Movie Review: Last King of Scotland

In a shocking development, I actually went to a movie theater over the weekend. The flick? Last King of Scotland.

I watch so few movies that I have virtually no comparisons or context; the result is that every movie I watch is “pretty good”. Last King of Scotland definitely fits this bill, with the exception of Forest Whitaker’s performance which was absolutely extraordinary. If you read about Whitaker’s preparation for the role, you’ll see the correlation between upfront preparation and the end result. Apparently he didn’t lose his Swahili-accent for months after production ended.

The movie tracks General Idi Amin’s rise to power in Uganda in the late 1970s. We watch a dictator whose charm is undeniable. At the beginning, he wins the affection of a young Scottish doctor (and me!). But not for long. We learn that the good intentions he displays in public are destroyed by the mass murders he secretly orders against opponents. Indeed, the film reinforces the worst realities of many African countries over the years: tyrannical rule by unelected dictators who squander money and kill opponents; the hopeful thinking of the people that “this president could be the man who turns things around” and then the crushing reality; corruption inside and out of the government; and on and on and on.

As with any movie which is either based on real events or, as in the case of this film, “inspired by real people and events,” it’s always fun to read up on the actual events and identify where the filmmakers exaggerated. My brief research suggests that the movie is accurate enough to give a sense as to what happened, untrue side plots notwithstanding.

The most penetrating line of the movie comes near the end, when a black minister turns to the Scottish doctor who’s escaping from the country and says: “Tell the world what’s really happening here. They’ll believe you. You’re a white man.”

2 comments on “Movie Review: Last King of Scotland
  • Too many people are unaware of the history of the African continent, and how its exploitation by the European powers for centuries left a legacy of governmental instability, because ancient tribal lands were appropriated.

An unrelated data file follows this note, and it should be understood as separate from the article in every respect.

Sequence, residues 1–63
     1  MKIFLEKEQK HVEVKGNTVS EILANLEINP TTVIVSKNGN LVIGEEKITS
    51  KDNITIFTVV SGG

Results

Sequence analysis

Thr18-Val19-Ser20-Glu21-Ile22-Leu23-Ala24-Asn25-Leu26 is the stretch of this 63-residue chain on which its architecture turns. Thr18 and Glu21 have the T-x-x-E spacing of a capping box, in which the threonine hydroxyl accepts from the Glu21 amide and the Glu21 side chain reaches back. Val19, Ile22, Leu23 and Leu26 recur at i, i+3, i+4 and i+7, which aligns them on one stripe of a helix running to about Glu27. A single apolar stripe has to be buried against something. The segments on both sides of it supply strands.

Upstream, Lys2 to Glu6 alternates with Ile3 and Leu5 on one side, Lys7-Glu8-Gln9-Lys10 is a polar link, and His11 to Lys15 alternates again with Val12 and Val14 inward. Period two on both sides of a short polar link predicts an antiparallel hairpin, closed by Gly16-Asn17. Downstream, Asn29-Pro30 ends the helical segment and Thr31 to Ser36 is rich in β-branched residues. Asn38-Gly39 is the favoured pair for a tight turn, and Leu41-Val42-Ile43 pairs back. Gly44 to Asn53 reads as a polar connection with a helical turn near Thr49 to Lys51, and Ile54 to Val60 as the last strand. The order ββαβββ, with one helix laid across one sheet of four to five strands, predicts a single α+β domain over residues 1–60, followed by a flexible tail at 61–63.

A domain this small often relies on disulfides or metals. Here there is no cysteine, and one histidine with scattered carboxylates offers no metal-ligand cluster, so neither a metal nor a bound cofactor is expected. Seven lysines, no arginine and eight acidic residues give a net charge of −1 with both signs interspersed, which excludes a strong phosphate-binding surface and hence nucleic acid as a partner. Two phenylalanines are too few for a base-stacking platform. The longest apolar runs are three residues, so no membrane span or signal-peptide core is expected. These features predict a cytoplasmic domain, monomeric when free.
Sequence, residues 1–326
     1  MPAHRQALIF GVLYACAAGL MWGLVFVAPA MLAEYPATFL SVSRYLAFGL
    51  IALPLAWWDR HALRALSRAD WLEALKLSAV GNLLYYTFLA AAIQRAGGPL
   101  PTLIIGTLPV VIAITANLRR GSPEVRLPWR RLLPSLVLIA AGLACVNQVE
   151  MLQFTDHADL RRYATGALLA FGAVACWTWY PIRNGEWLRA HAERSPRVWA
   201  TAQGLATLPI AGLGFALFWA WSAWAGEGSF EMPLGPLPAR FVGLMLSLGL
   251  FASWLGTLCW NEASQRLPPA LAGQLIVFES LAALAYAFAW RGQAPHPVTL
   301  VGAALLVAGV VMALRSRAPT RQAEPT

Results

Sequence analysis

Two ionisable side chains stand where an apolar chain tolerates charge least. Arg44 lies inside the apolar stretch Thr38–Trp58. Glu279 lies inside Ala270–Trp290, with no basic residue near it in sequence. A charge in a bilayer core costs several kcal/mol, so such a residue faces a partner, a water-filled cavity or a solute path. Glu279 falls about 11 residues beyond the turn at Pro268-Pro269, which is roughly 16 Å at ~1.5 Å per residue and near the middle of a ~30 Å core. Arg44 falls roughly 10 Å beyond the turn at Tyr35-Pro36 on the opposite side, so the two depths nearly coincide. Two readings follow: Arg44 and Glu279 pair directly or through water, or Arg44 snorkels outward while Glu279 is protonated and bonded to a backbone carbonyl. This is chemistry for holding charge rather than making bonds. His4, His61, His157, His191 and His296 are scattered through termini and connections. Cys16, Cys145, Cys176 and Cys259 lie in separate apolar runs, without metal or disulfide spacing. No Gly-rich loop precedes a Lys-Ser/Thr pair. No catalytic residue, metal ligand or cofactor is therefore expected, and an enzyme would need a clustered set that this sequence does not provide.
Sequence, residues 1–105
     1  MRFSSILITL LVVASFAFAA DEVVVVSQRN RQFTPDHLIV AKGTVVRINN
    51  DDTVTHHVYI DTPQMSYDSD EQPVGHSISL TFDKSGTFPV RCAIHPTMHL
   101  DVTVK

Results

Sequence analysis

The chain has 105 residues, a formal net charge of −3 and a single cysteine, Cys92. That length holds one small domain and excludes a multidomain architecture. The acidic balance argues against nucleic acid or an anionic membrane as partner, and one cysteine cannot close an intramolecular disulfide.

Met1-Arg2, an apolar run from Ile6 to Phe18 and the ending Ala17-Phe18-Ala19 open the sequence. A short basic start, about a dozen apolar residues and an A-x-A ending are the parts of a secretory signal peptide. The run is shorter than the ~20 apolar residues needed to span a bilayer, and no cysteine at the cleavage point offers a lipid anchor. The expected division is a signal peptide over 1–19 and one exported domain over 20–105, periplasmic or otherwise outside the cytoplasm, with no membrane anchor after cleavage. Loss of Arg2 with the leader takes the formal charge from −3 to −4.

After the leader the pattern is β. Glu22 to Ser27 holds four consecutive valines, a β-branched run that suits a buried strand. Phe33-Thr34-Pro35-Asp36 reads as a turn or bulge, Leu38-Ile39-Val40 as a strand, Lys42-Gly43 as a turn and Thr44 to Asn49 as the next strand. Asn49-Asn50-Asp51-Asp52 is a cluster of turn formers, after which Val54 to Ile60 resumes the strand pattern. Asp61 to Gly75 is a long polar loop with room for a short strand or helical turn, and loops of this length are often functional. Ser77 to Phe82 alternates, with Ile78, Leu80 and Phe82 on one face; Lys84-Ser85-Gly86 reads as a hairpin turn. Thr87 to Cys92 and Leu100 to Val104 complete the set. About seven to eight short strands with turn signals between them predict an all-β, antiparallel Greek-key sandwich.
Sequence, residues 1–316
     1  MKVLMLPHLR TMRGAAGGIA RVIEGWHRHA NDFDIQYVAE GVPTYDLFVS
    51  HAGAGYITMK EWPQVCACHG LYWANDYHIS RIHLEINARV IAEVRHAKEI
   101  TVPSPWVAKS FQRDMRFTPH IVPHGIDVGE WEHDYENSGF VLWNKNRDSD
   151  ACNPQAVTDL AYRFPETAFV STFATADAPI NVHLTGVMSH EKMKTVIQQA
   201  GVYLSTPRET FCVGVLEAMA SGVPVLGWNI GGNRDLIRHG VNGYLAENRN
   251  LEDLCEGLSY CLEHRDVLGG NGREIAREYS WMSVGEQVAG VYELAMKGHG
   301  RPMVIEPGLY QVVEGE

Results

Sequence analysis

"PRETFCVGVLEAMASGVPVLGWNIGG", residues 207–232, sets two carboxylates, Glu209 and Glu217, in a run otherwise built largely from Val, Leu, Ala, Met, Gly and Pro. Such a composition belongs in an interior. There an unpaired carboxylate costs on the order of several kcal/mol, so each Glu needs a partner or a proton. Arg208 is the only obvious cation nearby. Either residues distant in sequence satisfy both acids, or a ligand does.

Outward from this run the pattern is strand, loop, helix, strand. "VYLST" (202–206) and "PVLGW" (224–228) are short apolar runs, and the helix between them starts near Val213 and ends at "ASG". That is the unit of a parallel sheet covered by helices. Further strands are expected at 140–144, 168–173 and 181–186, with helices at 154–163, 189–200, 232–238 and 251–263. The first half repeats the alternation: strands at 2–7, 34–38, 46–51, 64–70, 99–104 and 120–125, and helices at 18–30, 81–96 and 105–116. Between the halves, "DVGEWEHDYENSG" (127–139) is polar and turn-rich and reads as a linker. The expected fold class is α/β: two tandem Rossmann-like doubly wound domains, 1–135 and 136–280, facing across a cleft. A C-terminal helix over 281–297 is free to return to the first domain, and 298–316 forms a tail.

For example:

    The Congo Free State was a kingdom owned personally by Leopold the II of Belgium that included all of what we know now as the Democratic Republic of the Congo.

    By skillful diplomacy and deceit, Leopold won the co-operation of the major powers of Europe, and in 1885 seized 905,000 square miles of territory that became the Congo “Free” State, owned wholly by Leopold himself.

    He introduced the concept of terres vacantes, which meant that any land not occupied by European settlers was deemed to belong to the state.

    The savage Leopold resorted to ordering the assassinations of recalcitrant chiefs, and sent in the Force Publique to terrorize the native population.

    The officers were white minions of the state, and many of the black soldiers were cannibals. They burned villages and cut off human hands as trophies under orders of the white officers, who required them to show one hand for every bullet used.

    This practice became so commonplace that these severed hands actually became a kind of currency.

    During the 20-year period of Leopold’s brutal reign of terror, the native population of the Congo “Free” State was reduced by half.


    Wikipedia article on the Congo Free State.

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